A recent report published on the Global Games Market by NewZoo, a global provider of games and e-sports analytics, has revealed that Nigeria is currently ranked second place of all countries on the continent, after Egypt, with regards to the amount of revenue generated from gaming activities between January and October of this year. It was reported that in total, Nigeria generated $180 million in revenue while Egypt thrived and secured a place in the lead with $286 million in revenue for the same time period.
Algeria came third, with $142 million generated, whilst South Africa made $129 million and Kenya $31 million. Of course, this news continues to confirm and solidify the boom that has hit the gaming industry in Nigeria, as it once again receives a global recognition, despite the fact that online gambling is very much a hot topic both in Nigeria and other African countries. In fact, there has only ever been one Nigerian online casino launched back in 2013 which is no longer operational. Instead, there are a number of online casinos in Nigeria that are run by overseas operators that accept Nigerian players.
Nevertheless, the numbers keep growing and there is still much to be done, and there is plenty of room for improvement for Nigeria and all other African countries, for the bigger competition lies beyond the continent of Africa. The report evaluated 100 countries in total from all over the world, and out of all of them, Egypt ranked 37th whilst Nigeria ranked 45th. Furthermore, South Africa ranked 56th and Kenya ranked 89th.
The number one country leading the industry by storm is none other than China, that managed to make a whopping $37.9bn in revenues. In the second place, were the United States and Japan, and were both also the third-largest by game revenues with $30.4bn and $19.2bn, respectively.
The report claimed the revenues were based mostly on consumer spending in each country and excluded hardware sales, tax, business-to-business services, and online gambling and betting revenues. This means that these numbers would be even greater if one had to consider all the aforementioned criteria, especially online gambling and sports betting, which have always been, and continue to be, increasingly popular in various places around the world including Africa!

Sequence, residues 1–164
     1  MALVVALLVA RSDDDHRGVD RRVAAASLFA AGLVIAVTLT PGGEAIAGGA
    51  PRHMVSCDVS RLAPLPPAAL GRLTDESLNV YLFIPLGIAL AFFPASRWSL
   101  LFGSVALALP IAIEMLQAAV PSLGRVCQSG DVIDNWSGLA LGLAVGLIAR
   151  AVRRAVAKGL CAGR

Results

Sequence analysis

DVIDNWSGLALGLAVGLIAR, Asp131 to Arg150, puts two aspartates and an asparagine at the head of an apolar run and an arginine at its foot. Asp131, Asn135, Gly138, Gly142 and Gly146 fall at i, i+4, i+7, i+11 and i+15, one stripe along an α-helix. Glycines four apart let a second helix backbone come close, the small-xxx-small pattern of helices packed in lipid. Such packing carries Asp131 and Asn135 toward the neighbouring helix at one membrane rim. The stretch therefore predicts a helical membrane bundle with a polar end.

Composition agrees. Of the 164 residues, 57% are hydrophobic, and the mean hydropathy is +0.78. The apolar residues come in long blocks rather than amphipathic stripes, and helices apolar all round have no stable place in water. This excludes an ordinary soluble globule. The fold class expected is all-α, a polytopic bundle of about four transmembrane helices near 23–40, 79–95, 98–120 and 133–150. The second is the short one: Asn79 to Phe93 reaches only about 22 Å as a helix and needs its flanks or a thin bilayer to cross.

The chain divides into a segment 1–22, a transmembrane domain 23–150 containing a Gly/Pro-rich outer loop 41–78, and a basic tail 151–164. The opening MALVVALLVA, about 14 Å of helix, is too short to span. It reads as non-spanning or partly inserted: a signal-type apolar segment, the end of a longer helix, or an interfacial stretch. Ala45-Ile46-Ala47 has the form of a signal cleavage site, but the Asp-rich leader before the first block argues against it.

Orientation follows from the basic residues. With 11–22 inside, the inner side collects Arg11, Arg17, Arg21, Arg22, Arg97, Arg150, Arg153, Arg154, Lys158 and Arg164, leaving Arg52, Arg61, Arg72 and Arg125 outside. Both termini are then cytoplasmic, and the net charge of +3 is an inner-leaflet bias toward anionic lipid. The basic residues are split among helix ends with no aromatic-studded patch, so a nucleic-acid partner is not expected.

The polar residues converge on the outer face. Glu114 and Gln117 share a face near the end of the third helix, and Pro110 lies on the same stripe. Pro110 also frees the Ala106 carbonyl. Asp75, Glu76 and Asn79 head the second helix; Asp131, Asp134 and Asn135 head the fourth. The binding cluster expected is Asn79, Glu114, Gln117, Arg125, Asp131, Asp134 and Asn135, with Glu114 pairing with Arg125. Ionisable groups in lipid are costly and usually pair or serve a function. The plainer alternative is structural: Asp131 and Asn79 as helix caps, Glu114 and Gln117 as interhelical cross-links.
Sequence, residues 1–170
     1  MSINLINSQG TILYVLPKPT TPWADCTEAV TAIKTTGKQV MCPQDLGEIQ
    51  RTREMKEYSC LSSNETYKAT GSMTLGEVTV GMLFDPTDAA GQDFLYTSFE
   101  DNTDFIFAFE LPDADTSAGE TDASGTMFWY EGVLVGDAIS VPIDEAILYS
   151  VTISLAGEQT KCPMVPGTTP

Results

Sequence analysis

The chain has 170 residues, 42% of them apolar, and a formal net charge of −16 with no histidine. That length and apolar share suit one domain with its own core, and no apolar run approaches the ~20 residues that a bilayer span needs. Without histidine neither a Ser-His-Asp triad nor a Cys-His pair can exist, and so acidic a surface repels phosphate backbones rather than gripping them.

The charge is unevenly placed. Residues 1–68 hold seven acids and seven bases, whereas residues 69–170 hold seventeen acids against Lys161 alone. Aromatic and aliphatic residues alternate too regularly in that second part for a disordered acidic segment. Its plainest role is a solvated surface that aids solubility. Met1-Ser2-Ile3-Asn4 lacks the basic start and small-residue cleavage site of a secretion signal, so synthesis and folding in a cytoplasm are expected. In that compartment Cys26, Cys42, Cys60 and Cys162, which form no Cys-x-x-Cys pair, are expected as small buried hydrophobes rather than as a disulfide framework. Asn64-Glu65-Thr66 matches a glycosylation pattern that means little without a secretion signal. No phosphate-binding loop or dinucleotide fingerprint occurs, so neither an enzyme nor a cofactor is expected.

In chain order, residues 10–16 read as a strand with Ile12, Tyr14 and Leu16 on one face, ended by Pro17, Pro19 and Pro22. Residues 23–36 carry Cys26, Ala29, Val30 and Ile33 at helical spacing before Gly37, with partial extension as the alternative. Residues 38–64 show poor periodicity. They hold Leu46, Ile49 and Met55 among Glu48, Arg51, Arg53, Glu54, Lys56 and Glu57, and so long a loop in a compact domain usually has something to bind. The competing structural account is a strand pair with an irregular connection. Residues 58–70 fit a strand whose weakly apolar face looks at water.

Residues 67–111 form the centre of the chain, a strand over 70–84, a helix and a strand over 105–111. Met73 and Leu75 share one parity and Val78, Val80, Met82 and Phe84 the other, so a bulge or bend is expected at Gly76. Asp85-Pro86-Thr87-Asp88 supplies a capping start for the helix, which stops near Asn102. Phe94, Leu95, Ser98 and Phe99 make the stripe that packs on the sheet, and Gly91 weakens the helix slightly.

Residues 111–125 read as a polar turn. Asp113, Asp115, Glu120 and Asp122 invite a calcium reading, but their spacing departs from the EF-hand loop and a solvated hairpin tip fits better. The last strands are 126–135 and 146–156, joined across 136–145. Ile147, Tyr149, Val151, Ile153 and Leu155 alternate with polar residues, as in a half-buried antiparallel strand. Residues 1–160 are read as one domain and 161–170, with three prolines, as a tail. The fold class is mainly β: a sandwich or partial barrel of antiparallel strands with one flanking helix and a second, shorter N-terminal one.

So, what has caused this surge in revenues over the years?
Chief Executive Officer, Newzoo, Peter Warman thinks that the answer is down to one little, important invention: the smartphone. Commenting on the findings, the Chief Executive Officer, explained how the smartphone was key to boosting this market:
“It took more than 35 years for the global games business to grow to $35bn in 2007, the year that the iPhone was introduced. Since then, the games market has added an extra $100bn in revenues to arrive at this year’s total of $137.9bn worldwide. The uptake of smartphones has been a key contributor to the accelerated growth of the games market, in terms of both engagement and revenues, but is only one of the many factors that have brought us to where we are today.”
It is not hard to imagine why this statement rings true. Just listing one example from the findings is enough to see how powerful mobile gaming has become; in Japan, the mobile market is almost the same size as North America’s, despite it having one-third of the number of players in North America, and considering that North America is the second-largest region with $32.7bn in game revenues. This is due to the fact that mobile gamers in Japan spend more than anyone else in the world.
On this note, the report also added that; “In terms of regions, Asia-Pacific builds out its lead with revenues of $71.4bn in 2018. With markets like India and Indonesia, Asia-Pacific is home to the fastest-growing games market globally. Driven by increased smartphone adoption, better Internet infrastructure, and competitive and immersive mobile games, these markets have boosted the region to capture 52 percent of the global market.”
So, it seems there remains a lot to be done in Africa on various fronts in terms of creating better internet infrastructures and creating better games, and more, and although the use of smartphones is growing extensively, there is a long way to go before the user experience can compete with that of other countries.